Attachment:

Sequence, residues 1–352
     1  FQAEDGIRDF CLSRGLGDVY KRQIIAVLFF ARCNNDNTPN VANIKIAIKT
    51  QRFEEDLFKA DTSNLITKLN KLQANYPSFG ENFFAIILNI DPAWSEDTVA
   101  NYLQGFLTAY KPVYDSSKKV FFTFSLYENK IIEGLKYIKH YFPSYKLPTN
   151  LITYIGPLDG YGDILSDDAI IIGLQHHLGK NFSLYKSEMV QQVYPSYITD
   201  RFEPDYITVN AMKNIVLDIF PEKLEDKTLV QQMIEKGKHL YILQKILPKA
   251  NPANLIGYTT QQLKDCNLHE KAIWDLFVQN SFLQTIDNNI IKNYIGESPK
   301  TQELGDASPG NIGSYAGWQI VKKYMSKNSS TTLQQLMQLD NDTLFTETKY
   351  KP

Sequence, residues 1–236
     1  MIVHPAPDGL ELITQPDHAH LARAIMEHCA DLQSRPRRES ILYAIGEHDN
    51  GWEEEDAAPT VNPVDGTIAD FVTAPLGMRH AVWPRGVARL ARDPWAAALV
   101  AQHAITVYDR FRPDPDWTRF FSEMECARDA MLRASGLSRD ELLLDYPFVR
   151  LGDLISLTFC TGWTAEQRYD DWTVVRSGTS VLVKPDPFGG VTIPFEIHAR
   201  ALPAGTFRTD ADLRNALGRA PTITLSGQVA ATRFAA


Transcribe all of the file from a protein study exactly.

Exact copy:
Sequence, residues 1–352
     1  FQAEDGIRDF CLSRGLGDVY KRQIIAVLFF ARCNNDNTPN VANIKIAIKT
    51  QRFEEDLFKA DTSNLITKLN KLQANYPSFG ENFFAIILNI DPAWSEDTVA
   101  NYLQGFLTAY KPVYDSSKKV FFTFSLYENK IIEGLKYIKH YFPSYKLPTN
   151  LITYIGPLDG YGDILSDDAI IIGLQHHLGK NFSLYKSEMV QQVYPSYITD
   201  RFEPDYITVN AMKNIVLDIF PEKLEDKTLV QQMIEKGKHL YILQKILPKA
   251  NPANLIGYTT QQLKDCNLHE KAIWDLFVQN SFLQTIDNNI IKNYIGESPK
   301  TQELGDASPG NIGSYAGWQI VKKYMSKNSS TTLQQLMQLD NDTLFTETKY
   351  KP

Sequence, residues 1–236
     1  MIVHPAPDGL ELITQPDHAH LARAIMEHCA DLQSRPRRES ILYAIGEHDN
    51  GWEEEDAAPT VNPVDGTIAD FVTAPLGMRH AVWPRGVARL ARDPWAAALV
   101  AQHAITVYDR FRPDPDWTRF FSEMECARDA MLRASGLSRD ELLLDYPFVR
   151  LGDLISLTFC TGWTAEQRYD DWTVVRSGTS VLVKPDPFGG VTIPFEIHAR
   201  ALPAGTFRTD ADLRNALGRA PTITLSGQVA ATRFAA